The proliferation of charter schools in Florida is slowing down, and school districts are not approving most applications to open new ones.
That’s according to a new report on charter school authorizing from the state Department of Education. It shows the number of charter applications submitted to school districts fell by more than a third between 2011 to 2013. At the same time, districts appear to be reviewing those applications more stringently than in the past.
There is still heightened interest among aspiring school operators in the charter sector, but there are fewer of them seeking to enter the market. During the 2013‐14 school year, there were 615 charter schools, a 6.4 percent increase from the prior year. That increase, however, is about half of that seen in the previous three school years.
Moreover, another related trend has surfaced: it has become harder to open a charter school in Florida. The majority of charter school applicants have failed to win approval during the last several years. In 2013, districts in Florida approved just 41 percent of the applications they received. This is a marked decrease from the nearly 70‐percent approval rate from 10 years ago.
The annual authorizing report, published every year in early November, breaks down the percentage of charter applications that were approved, rejected or withdrawn during the previous year. It shows approval rates vary widely from one school district to the next, as illustrated by this chart breaking down the numbers for large districts that received the bulk of charter applications during the 2013-14 school year.Another tidbit: None of the charter applications submitted to small rural districts in 2013 were approved.
The report does not draw conclusions about why application approval rates vary so much among districts. Is Orange County more hostile to charters than Miami-Dade, or did it receive fewer applications from prospective schools that were good enough to pass muster? Those questions can’t be answered by approval rates alone.
Charter applications are due each year in August, vetted by districts, and then voted on by school boards each fall, usually the year before the schools are set to open.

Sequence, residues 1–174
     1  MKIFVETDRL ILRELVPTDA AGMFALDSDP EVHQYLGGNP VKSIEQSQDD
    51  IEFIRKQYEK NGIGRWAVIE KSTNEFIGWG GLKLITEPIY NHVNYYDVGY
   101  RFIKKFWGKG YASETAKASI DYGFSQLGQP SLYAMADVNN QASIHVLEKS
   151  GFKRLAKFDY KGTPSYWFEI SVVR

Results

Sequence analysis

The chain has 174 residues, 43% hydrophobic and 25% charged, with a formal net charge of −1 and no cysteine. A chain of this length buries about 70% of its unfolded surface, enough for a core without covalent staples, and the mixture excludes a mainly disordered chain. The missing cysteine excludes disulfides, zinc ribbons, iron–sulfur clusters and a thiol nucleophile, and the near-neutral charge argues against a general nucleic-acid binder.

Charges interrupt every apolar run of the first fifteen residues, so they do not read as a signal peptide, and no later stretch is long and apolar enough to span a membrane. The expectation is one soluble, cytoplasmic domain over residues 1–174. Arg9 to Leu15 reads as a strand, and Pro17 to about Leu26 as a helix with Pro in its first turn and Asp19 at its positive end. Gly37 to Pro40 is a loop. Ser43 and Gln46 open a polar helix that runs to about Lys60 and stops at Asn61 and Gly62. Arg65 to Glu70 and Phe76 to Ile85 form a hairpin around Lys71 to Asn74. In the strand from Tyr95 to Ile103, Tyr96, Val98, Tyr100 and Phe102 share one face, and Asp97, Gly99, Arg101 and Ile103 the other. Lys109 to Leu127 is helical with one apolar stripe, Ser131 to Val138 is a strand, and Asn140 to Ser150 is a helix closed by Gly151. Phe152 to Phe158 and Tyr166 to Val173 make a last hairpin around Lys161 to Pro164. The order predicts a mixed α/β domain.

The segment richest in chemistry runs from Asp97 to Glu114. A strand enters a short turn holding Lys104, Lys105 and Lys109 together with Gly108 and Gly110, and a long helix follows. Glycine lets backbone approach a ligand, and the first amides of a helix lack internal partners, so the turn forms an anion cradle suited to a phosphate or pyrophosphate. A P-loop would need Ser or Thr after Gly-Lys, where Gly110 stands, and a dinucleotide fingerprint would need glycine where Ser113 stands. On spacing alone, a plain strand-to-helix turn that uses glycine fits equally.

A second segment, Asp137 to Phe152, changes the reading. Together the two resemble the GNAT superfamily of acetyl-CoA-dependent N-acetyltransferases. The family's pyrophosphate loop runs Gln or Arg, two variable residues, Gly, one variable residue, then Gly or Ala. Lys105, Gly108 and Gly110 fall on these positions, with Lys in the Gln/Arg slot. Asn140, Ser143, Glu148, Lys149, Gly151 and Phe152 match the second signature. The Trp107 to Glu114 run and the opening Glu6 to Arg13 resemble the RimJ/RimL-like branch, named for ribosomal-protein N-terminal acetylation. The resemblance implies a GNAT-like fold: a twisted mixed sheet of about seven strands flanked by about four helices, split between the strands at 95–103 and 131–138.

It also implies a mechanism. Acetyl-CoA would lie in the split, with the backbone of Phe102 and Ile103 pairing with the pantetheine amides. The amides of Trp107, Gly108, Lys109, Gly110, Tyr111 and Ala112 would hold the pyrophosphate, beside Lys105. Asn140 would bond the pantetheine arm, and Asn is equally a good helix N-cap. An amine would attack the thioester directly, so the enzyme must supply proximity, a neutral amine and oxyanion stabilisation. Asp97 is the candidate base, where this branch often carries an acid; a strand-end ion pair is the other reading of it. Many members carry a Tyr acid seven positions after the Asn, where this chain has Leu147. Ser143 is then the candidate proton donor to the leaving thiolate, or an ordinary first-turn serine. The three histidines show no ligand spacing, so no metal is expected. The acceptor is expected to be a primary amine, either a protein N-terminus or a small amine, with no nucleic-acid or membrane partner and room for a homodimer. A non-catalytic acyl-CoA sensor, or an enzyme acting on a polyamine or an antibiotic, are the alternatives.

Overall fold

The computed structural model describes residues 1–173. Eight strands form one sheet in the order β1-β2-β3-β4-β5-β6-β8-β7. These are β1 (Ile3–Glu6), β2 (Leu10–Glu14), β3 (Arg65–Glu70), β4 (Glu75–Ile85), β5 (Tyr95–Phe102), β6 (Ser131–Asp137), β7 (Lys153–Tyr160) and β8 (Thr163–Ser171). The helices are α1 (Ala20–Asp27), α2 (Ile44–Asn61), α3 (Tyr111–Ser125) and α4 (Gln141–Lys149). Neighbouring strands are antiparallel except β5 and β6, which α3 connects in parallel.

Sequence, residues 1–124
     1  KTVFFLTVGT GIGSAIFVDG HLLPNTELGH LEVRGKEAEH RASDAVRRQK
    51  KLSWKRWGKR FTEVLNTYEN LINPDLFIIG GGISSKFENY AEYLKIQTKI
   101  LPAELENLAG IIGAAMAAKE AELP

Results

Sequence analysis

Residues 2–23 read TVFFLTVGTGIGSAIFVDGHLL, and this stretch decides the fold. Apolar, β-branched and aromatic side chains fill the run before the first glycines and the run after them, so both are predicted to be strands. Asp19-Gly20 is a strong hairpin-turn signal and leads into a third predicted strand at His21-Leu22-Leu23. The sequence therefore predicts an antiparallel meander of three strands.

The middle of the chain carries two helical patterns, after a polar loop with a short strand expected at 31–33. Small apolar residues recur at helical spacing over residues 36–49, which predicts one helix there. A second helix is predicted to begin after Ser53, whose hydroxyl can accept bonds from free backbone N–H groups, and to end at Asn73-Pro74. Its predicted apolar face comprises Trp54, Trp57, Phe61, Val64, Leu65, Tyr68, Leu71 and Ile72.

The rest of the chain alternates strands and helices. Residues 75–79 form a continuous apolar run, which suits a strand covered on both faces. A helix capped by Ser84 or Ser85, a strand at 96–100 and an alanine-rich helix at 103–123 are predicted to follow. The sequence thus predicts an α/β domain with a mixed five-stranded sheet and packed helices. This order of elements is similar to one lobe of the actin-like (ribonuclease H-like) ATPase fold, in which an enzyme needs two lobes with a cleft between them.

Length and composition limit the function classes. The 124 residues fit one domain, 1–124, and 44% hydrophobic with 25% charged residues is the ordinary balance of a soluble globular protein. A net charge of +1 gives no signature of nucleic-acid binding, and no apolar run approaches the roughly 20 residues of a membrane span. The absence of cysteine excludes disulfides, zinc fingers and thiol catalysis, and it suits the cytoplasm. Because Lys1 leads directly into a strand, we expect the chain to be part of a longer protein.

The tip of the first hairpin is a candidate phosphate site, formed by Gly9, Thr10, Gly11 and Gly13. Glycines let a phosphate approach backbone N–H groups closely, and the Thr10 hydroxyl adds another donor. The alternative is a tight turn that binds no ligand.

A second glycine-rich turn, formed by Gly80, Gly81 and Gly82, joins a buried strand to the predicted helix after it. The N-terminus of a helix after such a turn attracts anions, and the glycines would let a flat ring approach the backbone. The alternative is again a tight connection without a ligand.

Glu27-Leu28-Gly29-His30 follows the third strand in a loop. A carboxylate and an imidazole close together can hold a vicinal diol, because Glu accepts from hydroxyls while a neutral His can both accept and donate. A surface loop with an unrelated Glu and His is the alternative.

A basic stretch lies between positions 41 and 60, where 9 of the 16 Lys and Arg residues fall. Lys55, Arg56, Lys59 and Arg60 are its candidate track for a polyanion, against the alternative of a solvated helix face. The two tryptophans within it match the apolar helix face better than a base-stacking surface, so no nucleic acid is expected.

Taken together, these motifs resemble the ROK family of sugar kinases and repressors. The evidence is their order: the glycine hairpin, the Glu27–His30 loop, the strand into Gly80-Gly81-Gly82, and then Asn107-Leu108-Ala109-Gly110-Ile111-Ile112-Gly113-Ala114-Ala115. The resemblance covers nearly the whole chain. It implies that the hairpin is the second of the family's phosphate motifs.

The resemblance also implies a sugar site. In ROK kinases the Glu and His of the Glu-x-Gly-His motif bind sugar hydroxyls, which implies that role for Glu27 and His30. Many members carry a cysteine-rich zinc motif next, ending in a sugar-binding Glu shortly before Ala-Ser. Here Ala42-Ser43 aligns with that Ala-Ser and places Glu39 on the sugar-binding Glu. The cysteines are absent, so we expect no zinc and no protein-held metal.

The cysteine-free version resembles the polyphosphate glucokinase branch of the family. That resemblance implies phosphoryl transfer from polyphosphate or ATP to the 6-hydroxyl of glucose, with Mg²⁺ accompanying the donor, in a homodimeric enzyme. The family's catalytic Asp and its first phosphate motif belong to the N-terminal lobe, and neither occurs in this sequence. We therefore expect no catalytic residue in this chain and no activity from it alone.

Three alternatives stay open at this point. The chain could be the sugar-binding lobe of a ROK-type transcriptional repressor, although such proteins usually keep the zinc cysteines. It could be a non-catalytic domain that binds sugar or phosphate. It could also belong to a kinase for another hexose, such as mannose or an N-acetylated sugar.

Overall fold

That means the 6.4 percent increase in the number of charter schools during the 2013-14 school year reflects the charter applications submitted during the fall of 2012, when districts approved 81 charter applications — fewer than 30 percent of the applications they received.
In 2013, the application period covered by the new report, charters submitted fewer applications, but slightly more — 96 — were approved. Despite the increase in approvals, the growth of the charter school sector has continued to slow. This school year, there are 646 charter schools operating in Florida, an increase of 31 from the year before. That’s a growth rate of about 4.8 percent, the second-lowest on record, though the number of new schools is in line with the growth seen over the past decade.
If it’s becoming harder to open a charter school in Florida, what that means depends on the particulars. To the extent it means fewer unqualified charter schools are being allowed to open, it should be good news to people on both sides of the charter debate. That would mean fewer students are at risk of displacement by sudden school failures, there is less potential for embarrassing headlines, and the quality of charters is improving overall. It’s not good news to the extent it means legitimate charters are facing roadblocks, causing students to languish on waiting lists for schools that might better meet their needs.